This becomes even more poignant when we consider the wider context of the conversation Jesus is having, and the people he’s having it with. Jesus himself is at a dinner party himself when he speaks these words, at a banquet that spans Luke chapters 14 and 15. He’s surrounded by a veritable who’s-who of the Pharisees. As he watches their behavior at the party, he tells them it is foolish to take for themselves the most honorable seat at a banquet because someone more important than you might show up and you’ll be forced to take a walk of shame to the back of the room. In fact, Jesus goes on to tell his host that next time he invites a group of people over for dinner he should skip those who can repay the favor and instead invite the poor, lame and homeless people outside. That’s the type of party God throws, Jesus says. Parties for the outcasts. Parties for the losers. Parties for the lost. God doesn’t throw parties just to impress his friends. God doesn’t throw parties just to invite people into his beautiful home so that they can envy his lifestyle. God doesn’t throw parties so that he’ll be invited to other people’s parties. God throws a party like a woman who had 10 coins and, having lost one, searched high and low until she found it. And because she could not contain her joy at having that which was lost restored to her, she had a party. God throws a party like a shepherd who lost a sheep but then found it. God throws a party like a father whose son ran away, dead to the family, but who came back and was restored. Here at a dinner party hosted by one of the leaders of the Pharisees, at a table filled with high ranking religious leaders and socially important people, Jesus tells everyone that God’s parties are nothing like this. God’s parties are no for the self-important or the social elite, they are for all the outsiders who have been restored to him.
With this parable, it’s as if Jesus is asking, “But you don’t want to come to that party, do you?” The older brother didn’t want to come to party thrown for his returned sibling. He refused to join the celebration. He had an excuse. Was it a good one? Doesn’t matter. Good excuse or not, the result was the same: he missed the party. The three men in today’s reading didn’t want to come to the banquet. They had more pressing things on their schedule. They had higher priorities. Were they legitimate or not? Doesn’t matter. They missed the party.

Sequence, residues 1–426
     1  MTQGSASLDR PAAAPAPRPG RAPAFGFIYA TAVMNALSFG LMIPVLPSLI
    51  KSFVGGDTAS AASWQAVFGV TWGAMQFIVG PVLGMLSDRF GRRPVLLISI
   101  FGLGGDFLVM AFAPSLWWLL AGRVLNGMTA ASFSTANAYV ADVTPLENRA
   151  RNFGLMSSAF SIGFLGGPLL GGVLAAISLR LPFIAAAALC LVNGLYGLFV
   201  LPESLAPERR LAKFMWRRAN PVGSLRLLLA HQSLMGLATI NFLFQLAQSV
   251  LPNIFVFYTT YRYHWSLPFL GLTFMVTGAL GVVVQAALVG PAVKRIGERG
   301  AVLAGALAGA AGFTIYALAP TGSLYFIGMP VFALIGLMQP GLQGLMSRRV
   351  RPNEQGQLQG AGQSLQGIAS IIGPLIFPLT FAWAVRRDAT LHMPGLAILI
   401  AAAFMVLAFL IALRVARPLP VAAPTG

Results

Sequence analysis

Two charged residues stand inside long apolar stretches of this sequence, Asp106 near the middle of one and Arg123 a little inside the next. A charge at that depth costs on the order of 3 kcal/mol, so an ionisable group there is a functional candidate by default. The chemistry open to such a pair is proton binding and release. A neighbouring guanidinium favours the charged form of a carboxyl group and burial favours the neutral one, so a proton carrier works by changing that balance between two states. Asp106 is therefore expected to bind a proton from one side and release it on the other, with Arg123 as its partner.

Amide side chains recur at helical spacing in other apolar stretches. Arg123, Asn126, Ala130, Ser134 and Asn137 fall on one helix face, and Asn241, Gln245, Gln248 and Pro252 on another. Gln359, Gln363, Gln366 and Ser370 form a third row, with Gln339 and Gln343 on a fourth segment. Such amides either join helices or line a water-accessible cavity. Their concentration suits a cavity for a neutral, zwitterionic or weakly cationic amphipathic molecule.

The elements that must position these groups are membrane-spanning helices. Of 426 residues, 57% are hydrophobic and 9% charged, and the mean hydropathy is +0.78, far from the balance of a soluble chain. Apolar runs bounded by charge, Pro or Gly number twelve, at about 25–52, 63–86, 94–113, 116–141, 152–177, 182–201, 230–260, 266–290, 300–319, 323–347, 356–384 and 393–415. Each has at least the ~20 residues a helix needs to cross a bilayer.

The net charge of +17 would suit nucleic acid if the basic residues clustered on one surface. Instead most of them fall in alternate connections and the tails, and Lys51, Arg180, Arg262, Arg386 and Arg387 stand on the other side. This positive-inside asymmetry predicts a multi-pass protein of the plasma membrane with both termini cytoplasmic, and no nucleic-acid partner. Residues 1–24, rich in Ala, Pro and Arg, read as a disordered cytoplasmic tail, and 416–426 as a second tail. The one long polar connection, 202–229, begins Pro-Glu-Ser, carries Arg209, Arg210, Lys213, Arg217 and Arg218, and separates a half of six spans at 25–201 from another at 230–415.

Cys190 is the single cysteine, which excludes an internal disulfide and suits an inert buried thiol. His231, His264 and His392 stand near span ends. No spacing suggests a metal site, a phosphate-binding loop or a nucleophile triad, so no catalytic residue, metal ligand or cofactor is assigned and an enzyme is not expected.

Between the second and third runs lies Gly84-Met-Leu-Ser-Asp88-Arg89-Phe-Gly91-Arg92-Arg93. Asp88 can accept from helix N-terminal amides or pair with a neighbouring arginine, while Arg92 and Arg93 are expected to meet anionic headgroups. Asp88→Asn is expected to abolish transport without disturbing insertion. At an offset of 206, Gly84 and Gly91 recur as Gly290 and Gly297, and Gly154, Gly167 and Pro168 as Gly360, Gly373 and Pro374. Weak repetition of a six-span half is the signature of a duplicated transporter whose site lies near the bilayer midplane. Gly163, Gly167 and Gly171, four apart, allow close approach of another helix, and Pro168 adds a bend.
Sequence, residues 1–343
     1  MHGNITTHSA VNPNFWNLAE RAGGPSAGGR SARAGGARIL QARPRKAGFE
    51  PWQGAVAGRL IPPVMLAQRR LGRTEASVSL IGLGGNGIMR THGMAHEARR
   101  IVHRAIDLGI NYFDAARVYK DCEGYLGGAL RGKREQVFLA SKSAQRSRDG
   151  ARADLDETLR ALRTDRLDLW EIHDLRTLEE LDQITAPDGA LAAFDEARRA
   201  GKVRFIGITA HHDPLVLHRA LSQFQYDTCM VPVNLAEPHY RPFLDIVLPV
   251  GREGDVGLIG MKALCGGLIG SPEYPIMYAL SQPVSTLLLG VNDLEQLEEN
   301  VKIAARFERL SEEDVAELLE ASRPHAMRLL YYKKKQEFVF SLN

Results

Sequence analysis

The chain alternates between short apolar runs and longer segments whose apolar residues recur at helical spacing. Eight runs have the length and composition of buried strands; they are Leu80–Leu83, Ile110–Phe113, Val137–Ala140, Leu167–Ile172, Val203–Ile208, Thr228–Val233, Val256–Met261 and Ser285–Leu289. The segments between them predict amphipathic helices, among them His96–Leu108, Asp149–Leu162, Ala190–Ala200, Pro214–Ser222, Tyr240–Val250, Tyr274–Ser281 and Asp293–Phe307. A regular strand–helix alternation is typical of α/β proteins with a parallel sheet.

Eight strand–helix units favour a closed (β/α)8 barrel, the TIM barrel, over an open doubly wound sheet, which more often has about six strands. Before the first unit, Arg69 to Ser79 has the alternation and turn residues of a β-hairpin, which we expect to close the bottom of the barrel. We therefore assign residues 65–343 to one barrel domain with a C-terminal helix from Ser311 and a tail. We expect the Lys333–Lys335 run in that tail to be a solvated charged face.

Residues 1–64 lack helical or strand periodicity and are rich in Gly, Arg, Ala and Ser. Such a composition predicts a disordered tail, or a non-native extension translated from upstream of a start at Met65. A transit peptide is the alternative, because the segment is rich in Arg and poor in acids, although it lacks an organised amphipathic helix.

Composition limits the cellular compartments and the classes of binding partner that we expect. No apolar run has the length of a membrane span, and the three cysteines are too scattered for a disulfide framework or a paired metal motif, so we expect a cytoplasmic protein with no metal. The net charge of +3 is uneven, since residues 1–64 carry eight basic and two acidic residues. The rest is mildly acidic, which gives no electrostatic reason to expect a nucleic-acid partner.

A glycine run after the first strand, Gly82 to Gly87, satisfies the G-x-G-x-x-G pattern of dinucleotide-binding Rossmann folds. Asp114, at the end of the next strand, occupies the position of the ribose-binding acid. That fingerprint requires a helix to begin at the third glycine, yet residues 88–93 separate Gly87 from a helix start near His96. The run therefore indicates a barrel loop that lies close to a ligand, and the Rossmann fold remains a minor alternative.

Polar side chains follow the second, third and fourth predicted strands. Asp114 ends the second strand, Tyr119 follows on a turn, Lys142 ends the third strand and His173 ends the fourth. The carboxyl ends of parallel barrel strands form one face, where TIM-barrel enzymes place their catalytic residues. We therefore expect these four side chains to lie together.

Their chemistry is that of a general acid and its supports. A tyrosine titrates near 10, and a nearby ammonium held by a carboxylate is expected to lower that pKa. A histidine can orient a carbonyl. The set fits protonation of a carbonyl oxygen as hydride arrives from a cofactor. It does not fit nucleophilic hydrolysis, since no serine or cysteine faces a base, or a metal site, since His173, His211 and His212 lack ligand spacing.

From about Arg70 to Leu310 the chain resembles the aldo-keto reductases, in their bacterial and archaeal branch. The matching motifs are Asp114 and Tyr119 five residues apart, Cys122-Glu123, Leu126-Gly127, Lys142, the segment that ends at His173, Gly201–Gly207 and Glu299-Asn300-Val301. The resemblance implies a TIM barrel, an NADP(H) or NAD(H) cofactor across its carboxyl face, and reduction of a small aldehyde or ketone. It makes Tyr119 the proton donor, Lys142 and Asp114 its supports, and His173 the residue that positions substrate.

And now we have to wonder: is Jesus still talking to the Pharisees he was having dinner with, or is he talking to us? What excuses do we make for skipping out on God’s party?
The truth is, we all have a little bit of Pharisee in us. Actually, we have more than we like to admit. We spend our entire childhood vilifying the Pharisees in Sunday School, and they are certainly the antagonists in the stories of the Gospels. It is easy to think of the Pharisees as being “those people” over there. We want to identify with the followers and disciples of Jesus. But if we are honest, we all play the Pharisee more often than we like to admit. We don’t really want to be the outcasts – we want to be in the club. We all have some people we consider outcasts, those we want nothing to do with. Maybe it’s those who are literally poor or lame, and maybe not. Maybe we’ve chosen for ourselves another standard of judgment. The point is, we all like to stand before the altar of our Lord and pray, “God, I thank you that I am not like that guy over there.” Whatever standard we judge by, the effect is the same. Lord, I thank you that I am not intolerant and hateful like that person over there. I thank you that I am open-minded and loving. Or our prayer might be the exact opposite: Lord, I thank you that I am not foolishly progressive and post-modern like that person over there. Or, Lord, I thank you that I am not greedy like that person over there. Lord, I thank you that I am not careless with my money like that person over there. We change the prayer to fit our personalities, but the result is the same: Lord, I thank you that I’m better, that I understand better, that I love better, that I trust better, that I confess better, that I please you more with my life and actions than that person over there.